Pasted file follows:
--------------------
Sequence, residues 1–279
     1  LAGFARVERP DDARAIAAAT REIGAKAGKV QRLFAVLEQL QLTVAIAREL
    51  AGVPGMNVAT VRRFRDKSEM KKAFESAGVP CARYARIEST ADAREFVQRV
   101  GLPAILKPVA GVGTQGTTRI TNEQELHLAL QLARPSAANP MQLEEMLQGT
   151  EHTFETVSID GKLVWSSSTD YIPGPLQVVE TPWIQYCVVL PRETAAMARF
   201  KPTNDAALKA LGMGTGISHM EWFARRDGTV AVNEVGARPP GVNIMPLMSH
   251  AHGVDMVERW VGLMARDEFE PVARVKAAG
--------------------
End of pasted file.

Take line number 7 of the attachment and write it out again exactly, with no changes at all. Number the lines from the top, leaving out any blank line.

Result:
   251  AHGVDMVERW VGLMARDEFE PVARVKAAG